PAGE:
Tierney will play his 54th game when Brendan Rodgers’ men visit Motherwell this afternoon, with Forrest in line for his 53rd outing. These numbers are possible, says the Celtic manager, because the 20-year-old full-back is an “iron man” while his team-mate has added a certain steel to his efforts.
“What’s been brilliant for James is the consistency of his training,” Rodgers said of a player who has consigned to the past issues over his fitness. “I always say to the players here when they sign a contract, you’re signing a training contract. I’ll decide whether you play or not. The money is in your bank every month but you’re to work and get better. The great thing with James is he’s getting better every day – his goals, his assists, his consistency.
“Tierney now has games in his legs but you have to manage him slightly differently, especially on the back of the last couple of seasons where he’s had periods out. The cycle has been broken naturally because of injuries. But eventually they want to churn out game after game after and then you take them out for a little bit.
“[But he doesn’t want that] and that’s what he is. And there are boys like that – they don’t know what to do if you give them a rest.
“Some of the older ones, you give them a breather for the weekend, they head off to London or Paris or wherever. Tierney would go to the Celtic game. He’d come and stand in the corner. He understands the importance of games. It’s a delicate one in relation to getting games and consistency and maturity.
“Also what I think is important in the modern game is pushing young players over the hill. Actually letting them feel a little bit when they suffer. So they’re not all ‘oh, you’re not feeling right? Then let’s cut it back.’ They might be a bit stiff, so flush it out and get on with it. Tierney has a great mindset, though, a tough boy, and he’s unique because he’s not only quick but robust.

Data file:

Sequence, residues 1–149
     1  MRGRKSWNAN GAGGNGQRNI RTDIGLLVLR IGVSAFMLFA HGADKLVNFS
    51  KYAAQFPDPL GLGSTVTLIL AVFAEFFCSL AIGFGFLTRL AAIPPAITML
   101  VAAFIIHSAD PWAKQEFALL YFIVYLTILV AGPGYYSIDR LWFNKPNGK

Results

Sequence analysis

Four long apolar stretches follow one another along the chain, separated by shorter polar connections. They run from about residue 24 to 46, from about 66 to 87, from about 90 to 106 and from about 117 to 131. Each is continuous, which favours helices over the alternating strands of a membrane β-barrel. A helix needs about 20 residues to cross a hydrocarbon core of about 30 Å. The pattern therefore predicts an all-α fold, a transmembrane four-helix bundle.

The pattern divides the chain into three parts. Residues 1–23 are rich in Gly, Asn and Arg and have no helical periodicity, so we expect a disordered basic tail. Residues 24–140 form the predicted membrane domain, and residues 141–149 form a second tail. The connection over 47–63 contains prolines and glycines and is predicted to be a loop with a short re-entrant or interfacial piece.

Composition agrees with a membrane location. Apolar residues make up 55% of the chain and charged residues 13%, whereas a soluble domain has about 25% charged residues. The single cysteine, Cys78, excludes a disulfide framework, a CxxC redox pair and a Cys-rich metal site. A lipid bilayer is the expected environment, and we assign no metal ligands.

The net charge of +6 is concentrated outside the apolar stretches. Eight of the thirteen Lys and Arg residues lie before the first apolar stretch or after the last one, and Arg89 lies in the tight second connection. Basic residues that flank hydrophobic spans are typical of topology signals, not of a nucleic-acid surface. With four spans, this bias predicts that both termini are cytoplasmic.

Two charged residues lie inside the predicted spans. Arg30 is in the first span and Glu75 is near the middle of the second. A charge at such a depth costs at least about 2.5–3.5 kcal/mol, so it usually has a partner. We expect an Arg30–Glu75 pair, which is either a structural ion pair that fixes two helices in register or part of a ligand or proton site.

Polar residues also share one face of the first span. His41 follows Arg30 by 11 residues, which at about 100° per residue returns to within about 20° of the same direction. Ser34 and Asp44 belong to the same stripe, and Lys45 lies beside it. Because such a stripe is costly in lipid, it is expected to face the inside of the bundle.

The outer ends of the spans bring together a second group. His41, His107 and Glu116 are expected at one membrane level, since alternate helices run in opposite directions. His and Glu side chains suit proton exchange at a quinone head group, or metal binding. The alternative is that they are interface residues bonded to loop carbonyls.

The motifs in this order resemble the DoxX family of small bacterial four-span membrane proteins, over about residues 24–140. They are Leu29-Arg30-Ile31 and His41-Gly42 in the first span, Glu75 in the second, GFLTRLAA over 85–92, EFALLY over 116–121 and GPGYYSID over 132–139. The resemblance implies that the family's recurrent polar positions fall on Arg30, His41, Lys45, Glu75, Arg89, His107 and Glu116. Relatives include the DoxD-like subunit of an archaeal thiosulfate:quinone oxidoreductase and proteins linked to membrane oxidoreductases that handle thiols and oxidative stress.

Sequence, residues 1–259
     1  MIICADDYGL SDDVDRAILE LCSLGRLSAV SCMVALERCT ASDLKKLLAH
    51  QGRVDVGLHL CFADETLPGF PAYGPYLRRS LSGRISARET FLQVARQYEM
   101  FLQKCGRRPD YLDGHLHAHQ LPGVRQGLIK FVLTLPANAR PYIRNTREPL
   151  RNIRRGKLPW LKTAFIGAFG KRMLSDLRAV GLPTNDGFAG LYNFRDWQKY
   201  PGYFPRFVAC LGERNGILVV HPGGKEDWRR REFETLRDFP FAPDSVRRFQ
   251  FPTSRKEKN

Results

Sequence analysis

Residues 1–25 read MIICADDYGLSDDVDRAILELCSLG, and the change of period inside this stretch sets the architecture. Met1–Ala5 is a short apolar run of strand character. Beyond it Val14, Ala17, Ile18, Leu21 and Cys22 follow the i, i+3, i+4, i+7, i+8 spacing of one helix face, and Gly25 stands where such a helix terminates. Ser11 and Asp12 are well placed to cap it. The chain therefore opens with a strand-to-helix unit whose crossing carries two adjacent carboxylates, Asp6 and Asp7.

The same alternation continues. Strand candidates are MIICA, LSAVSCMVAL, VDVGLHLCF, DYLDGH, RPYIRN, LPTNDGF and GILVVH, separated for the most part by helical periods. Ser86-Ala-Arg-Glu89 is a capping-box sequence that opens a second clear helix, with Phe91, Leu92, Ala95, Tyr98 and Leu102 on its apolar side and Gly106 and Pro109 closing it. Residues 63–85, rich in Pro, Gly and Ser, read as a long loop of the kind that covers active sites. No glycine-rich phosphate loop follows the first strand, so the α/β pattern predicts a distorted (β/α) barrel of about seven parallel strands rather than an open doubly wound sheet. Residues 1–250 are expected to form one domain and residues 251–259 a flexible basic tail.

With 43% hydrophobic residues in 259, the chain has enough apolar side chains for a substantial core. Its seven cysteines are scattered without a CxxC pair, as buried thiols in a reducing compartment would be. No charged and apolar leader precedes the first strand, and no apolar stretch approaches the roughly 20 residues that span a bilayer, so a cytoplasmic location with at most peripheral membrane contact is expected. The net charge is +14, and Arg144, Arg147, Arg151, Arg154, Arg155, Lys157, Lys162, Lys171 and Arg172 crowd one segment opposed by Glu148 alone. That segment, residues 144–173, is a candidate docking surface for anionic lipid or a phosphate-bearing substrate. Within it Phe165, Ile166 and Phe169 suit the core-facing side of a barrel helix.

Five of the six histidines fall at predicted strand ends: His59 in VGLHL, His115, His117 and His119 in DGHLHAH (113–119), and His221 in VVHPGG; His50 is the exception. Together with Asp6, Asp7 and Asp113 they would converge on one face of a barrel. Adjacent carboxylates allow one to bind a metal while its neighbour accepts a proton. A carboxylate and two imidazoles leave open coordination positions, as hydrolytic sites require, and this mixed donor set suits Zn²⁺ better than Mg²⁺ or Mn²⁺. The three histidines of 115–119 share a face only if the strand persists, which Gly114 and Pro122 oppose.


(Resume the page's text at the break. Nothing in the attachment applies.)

“Normally the boys who are really fast are prone to injuries with glutes, hamstrings, but he’s got mechanics which allow him to run at high speed and do it repetitively. He trains like a beast, and he plays like one. I demand all players train like they play and he definitely does.”
Stuart Armstrong is different. His five-minute appearance from the bench in the 3-2 win at Ibrox was his first since an operation on a troublesome hernia in January.
Having signed a one-year extension in August following protracted negotiations, Armstrong is again in the situation he was when discussions began on a new deal this time last year. Yet, because of his limited impact in this campaign, there has been little hoopla about the possibility of him running down his contract – which Celtic seek to avoid as it risks losing players for a fraction of their worth. Tom Rogic and Dedryck Boyata are in similar situations, but Rodgers appears sanguine about the potential for player turnover created by players entering the final 12 months of their deals.
“Time goes quick doesn’t it?” said the Celtic manager. “I have talked to Stuart briefly on it. I just want to help Stuart become the best player he can be. He knows what he has here, He knows the opportunity he has here and I know he respects that.
“So I don’t tend to get bogged down too much with that. I have a strong relationship with him. I know what he thinks and we will just look to continue developing him.
“I tend not to worry about that [final year of the contract juncture]. When I was younger I used to think it was personal, but it’s football. Players have short careers; of course, I’d love them to stay here but there are numerous reasons – on both sides as there could be issues with the club as well – that doesn’t allow them to sign.”